You may remember Strauss from his NYT article damning the Peace Corps back in January. It made the point that the increasing numbers of volunteers is decreasing the agency's effectiveness and that the agency itself was too stuck on its mission to improve and adapt. Strauss has been a volunteer, and also a country director, with the Peace Corps, and I as a returned volunteer can agree with some of his points.
He's back now in April with a much longer attack in Foreign Policy.com, where he sets up a series of strawmen to knock down.
“The Peace Corps Is a Potent Diplomatic Weapon”
No. With diplomats stuck inside barricaded compounds or loath to venture from expatriate residential ghettos, a Peace Corps volunteer is likely to be the only representative of the U.S. government that poor, rural populations ever see. As the State Department cuts back on its public diplomacy and cultural exchange programs, the Peace Corps' predominantly young volunteers wind up carrying more and more of the responsibility for demonstrating that the United States still has good intentions abroad.
He goes on to make the point that the branding of Peace Corps is insufficient and doesn't connect the volunteers on the ground with the foreign policy of the USA -- probably because there's not much connection, and potentially some antagonism. I think this argument falls flat; PCVs (Peace Corps Volunteers) show the multifaceted America, not just the 51% who won the last presidential election. The fact that they are on the ground and working in solidarity with the local population is probably more valuable than State Department-funded programs will ever be. Of course, Strauss hasn't offered any research or quantitative data, so I don't feel a need to either.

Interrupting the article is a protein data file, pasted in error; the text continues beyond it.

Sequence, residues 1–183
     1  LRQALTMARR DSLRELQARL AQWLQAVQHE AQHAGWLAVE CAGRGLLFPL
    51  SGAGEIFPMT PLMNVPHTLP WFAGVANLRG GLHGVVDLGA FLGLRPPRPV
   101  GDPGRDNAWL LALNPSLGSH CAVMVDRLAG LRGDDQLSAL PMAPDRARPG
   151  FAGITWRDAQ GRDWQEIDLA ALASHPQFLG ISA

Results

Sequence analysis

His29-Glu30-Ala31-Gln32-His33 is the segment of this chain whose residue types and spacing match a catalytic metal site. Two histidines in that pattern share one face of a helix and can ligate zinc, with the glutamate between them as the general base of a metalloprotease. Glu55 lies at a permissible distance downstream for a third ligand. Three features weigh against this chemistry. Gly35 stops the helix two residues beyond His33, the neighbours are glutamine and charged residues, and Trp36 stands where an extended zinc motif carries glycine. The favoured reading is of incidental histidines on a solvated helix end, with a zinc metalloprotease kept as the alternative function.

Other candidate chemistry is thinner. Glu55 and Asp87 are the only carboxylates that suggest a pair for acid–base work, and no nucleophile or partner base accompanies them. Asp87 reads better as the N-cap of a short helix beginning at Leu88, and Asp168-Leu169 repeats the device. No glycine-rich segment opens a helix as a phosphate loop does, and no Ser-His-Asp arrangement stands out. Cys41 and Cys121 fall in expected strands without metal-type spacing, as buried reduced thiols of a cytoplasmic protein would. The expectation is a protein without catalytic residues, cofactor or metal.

GABRIEL MALAYA/AFP/Getty ImagesHis next strawman is â€œThe Peace Corps Recruits Only the Best and the Brightestâ€� – and sure, if you have the perseverance and health to get through the application process, you’re probably going to be accepted. This may take years and numerous tests and doctor notes, but it will happen. He has a valid point here, and I can only thank him for noting that the agency has one of the highest numbers of political appointees - 29 currently - filling its ranks. My biggest beef here is with the image he pulls from Getty to illustrate the point that PCVs are witless partying fools, to the right. Strauss’s caption for this photo is Best and brightest? As long as applicants meet the minimum standards and are healthy and persistent, the Peace Corps rarely rejects them outright.
If you click through to Getty, you find this description for the photo:KIANGAN, PHILIPPINES: Wearing an Ifugao tribes outfit, Dustin Butler, (L) an American Peace Corps volunteer based in northern Ifugao province takes part in the celebration of the ten traditional rice rituals in Kiangan, 27 August 2006. American volunteers have been deployed in limited numbers in the country following security threats in certain areas especially in southern Philippines where al-Qaeda linked Islamic militants have kidnapped foreigners. AFP PHOTO / GARBIEL MALAYA (Photo credit should read GABRIEL MALAYA/AFP/Getty Images)
Do PCVs party? No doubt about it. I threw and/or attended quite a few gatherings as a volunteer. It's a tough job, and you need to unwind, decompress, complain about the various systems and institutions, brainstorm on the underlying problems, and just relax. If you're going to ding PCVs for saving up all their "happy hours" for an occasional big party, fine, but don't expect me to want to grab a beer with you after work. Also, no need to abuse a photo of a volunteer integrating himself with his village to make your point.